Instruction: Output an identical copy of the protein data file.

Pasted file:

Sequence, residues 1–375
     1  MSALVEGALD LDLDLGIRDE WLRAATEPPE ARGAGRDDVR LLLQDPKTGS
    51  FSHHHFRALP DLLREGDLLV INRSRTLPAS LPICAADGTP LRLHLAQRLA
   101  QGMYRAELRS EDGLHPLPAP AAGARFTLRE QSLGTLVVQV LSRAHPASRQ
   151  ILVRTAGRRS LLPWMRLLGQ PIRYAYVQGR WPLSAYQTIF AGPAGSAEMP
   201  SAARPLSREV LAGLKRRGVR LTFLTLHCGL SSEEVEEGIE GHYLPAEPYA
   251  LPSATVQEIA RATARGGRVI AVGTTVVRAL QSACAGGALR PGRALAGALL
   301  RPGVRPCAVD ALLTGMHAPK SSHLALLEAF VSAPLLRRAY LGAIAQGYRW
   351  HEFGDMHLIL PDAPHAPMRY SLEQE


Sequence, residues 1–375
     1  MSALVEGALD LDLDLGIRDE WLRAATEPPE ARGAGRDDVR LLLQDPKTGS
    51  FSHHHFRALP DLLREGDLLV INRSRTLPAS LPICAADGTP LRLHLAQRLA
   101  QGMYRAELRS EDGLHPLPAP AAGARFTLRE QSLGTLVVQV LSRAHPASRQ
   151  ILVRTAGRRS LLPWMRLLGQ PIRYAYVQGR WPLSAYQTIF AGPAGSAEMP
   201  SAARPLSREV LAGLKRRGVR LTFLTLHCGL SSEEVEEGIE GHYLPAEPYA
   251  LPSATVQEIA RATARGGRVI AVGTTVVRAL QSACAGGALR PGRALAGALL
   301  RPGVRPCAVD ALLTGMHAPK SSHLALLEAF VSAPLLRRAY LGAIAQGYRW
   351  HEFGDMHLIL PDAPHAPMRY SLEQE